The core design element in a Multi-board project is the logical connection design, which is developed in a Multi-board schematic document (*.MbsDoc). Add this file type to the Multi-board project from the Projects panel by right-clicking on the project entry then selecting Add New to Project » Multi-board Schematic from the context menu.

For both the Multi-board Project and its (open) schematic documents, right-click on their entries in the Projects panel then select the File » Save As option to rename the document files accordingly.

Multi-board Schematic design

The connectivity between PCB projects that make up a Multi-board system design is established by placing representative blocks (Modules) on the schematic and connecting their exposed connectors (Entries) together using virtual connections and/or wires.

Modules, representing child PCB project designs, are placed in the workspace from the Place » Module menu or by selecting the Module button () in the editor's Active Bar – see below.

Altium Designer includes an Active Bar at the top of each editor’s workspace that provides shortcut buttons for object placement commands.

A small triangle shape in the lower area of a button indicates that a drop-down menu is available for accessing other related commands. Click and hold the button to open its menu.

To assist repeated object placement, the button icon and function will actively change to show the last used menu option.

Double-click a placed Module and use the Properties panel to define its Designator and Title, and also the source PCB design project to which the Module is linked. Use the  associated with the Source field to set to a local or server-based managed project, and the desired board design within that project specified (Assembly/Board).

Add further modules and their child project links to the multi-board schematic design, as required for the complete system design.

To cross probe back to, and open, a Module's source project Schematic or PCB, select the module in the workspace then use the Design » Crossprobe to Schematic/PCB commands. These commands are also available on a module's right-click context menu.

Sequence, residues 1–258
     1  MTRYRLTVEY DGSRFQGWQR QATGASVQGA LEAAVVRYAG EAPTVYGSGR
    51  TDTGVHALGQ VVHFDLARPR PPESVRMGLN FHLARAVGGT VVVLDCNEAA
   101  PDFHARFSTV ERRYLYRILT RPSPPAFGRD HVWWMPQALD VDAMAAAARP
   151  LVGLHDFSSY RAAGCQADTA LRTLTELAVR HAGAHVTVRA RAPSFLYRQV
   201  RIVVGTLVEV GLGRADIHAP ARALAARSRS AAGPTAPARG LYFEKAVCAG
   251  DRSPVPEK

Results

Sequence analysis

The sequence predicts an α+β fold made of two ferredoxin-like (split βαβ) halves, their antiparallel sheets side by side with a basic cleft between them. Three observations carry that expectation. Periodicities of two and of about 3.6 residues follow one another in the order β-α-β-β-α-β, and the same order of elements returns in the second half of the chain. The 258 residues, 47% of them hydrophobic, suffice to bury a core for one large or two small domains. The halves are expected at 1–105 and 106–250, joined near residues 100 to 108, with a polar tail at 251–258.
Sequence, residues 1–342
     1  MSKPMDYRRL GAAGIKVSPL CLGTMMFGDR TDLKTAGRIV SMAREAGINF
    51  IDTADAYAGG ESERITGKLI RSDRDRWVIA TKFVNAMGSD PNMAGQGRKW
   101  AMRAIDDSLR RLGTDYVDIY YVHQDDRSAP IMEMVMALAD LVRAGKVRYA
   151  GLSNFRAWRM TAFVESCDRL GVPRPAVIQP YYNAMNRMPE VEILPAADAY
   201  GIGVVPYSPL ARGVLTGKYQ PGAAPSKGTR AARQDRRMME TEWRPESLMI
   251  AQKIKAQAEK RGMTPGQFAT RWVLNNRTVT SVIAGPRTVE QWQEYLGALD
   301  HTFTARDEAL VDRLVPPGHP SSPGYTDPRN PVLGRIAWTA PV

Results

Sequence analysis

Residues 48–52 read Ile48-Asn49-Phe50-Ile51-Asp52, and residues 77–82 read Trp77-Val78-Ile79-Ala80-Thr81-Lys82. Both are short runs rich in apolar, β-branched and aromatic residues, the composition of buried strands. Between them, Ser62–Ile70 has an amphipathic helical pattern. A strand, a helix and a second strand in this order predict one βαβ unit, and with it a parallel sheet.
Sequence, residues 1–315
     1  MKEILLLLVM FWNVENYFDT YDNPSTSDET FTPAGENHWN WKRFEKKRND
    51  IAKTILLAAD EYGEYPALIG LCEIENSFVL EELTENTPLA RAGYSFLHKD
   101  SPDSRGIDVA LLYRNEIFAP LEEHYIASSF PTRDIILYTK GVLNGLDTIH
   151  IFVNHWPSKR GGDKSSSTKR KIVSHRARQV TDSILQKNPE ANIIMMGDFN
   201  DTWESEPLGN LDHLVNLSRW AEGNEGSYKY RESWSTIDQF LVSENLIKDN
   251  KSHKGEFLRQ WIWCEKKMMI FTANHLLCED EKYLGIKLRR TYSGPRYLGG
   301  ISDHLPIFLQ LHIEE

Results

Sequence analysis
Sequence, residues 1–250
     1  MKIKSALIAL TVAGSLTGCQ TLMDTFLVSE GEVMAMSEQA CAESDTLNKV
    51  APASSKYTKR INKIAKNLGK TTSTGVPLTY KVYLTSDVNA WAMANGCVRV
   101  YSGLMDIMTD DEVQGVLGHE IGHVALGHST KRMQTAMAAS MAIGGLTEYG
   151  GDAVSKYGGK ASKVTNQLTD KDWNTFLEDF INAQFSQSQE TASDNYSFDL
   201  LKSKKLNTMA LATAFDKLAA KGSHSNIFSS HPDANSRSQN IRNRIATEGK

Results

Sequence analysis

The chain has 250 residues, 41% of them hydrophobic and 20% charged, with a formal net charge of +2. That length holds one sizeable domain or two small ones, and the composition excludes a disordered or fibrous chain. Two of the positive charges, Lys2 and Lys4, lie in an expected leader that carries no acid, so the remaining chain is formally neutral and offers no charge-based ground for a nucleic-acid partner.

The Modules are populated with design data from their linked PCB project designs by importing the project data using the Design » Import From Child Projects command or the Design » Import From Selected Child Projects command. Most importantly, this processes the Pin and Net data from each connector in the Child Projects that have the special System:Connector parameter (i.e. parameter named System with a value of Connector) attached.

After the import is complete, a module Entry is automatically created for each of these connectors on their respective Module block graphic. The connector Entry is actively associated with Pins and Nets on the connector in the Child Project.

Select an Entry graphic in the workspace to see its details, such as its connector Pins/Nets, in the Properties panel. Until connected to the Entry on another module, the Entry's Part/Pin listing in the panel will show the connector and pins as not mated.

Connecting Child projects

To complete the process of creating and connecting Child Project Modules together, place a logical Connection between the Module Entries.

A range of connection types is available from the editor's Place menu or the Active Bar (at the top of the workspace), including Direct Connection and Wire, which refer to connectors that plug together or are wired together, respectively. Click and drag the connection line between the Module Entry points to create the logical connectivity. Note that all elements in the system schematic editor, including Entry objects, can be dragged to a new location.